While in Max Club Deuce in Miami, a retired FDNY chap props up the bar reliving the horrors of working Ground Zero at the Twin Towers (you get the feeling he dines out on this story every day, though fair play to him, that seems justified). His account is ribald and laced with fruity language, to which the bartender always responds “watch your language - there’s a lady present” and nodding at me, which I confess to being hopelessly charmed by.
At Bar Nancy’s in Miami the floor is gloriously sticky, the tunes anchored in the late 80s, and the queue for the bathroom is almost always 20 deep (it may be libellous to speculate that the wide-eyes of the people as they emerged meant they were in there for a bump, but who can imagine such vice ever taking place in Miami?).
There are downsides, of course. Sexual harassment in a bar is, lamentably, hardly a rare occurrence, and dives are no exception. Though I will say that bar staff in those joints are so sharp, assertive and good at dealing with poor behaviour that I always felt assured they'd intervene should things get out of hand.
At the R Bar, in New Orleans, I was repeatedly offered crack. I never felt unsafe, but I did leave paranoid I had the consumptive appearance of a junkie.
Mike Miller, owner of the iconic Delilah's in Lincoln Park, doesn't consider the place to be a dive. With 750 whiskies, and over 25 absinthe varietals, he specified at Tales of the Cocktail, 2016: “We’re not a dive bar, we’re a dark bar... We are consciously creating an environment that we believe to be entertaining, clean, safe and engaging to people. I like dive bars, but I’m not a fan of dirty bars. "I'll defend the right of any proprietor to define their own establishment, but that deliciously dark, comfy, fun spot has, to me, the definition of Big Dive Energy.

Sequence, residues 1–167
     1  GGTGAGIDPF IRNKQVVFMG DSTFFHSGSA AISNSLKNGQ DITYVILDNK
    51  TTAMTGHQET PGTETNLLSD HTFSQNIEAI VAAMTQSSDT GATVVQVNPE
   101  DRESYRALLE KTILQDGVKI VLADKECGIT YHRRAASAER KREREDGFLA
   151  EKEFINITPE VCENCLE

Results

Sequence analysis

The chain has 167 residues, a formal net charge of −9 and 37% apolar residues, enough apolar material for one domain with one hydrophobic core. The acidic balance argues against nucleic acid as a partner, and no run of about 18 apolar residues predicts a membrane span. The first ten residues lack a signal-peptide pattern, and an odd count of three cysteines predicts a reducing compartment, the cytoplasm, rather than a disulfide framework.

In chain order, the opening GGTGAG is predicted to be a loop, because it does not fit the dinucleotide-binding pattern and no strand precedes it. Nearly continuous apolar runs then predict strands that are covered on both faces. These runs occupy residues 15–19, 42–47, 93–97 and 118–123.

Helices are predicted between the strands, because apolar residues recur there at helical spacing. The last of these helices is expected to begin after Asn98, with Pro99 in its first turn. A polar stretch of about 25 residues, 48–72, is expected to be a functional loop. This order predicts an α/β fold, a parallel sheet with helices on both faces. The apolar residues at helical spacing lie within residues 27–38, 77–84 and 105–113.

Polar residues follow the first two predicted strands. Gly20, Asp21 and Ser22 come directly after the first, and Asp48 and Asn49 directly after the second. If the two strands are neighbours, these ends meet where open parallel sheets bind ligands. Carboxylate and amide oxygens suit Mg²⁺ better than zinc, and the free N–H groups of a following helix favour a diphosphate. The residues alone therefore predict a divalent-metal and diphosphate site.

And there’s no doubt that you are either alive to the romance of a dive bar, or it’s not for you. I met a friend in Bar Nancy when last in Miami, which turned him sclerotic in an instant. Surveying the dry ice billowing out, the writhing crowds, feeling the sticky floor under foot and inhaling the fresh sweaty scent of the revellers, he muttered “I can’t stay here” and pulled an instant volte face.
Me? I danced until 2am, before staggering back to my hotel room, dishevelled, sore from dancing, and more than a little refreshed. I wouldn't have it any other way.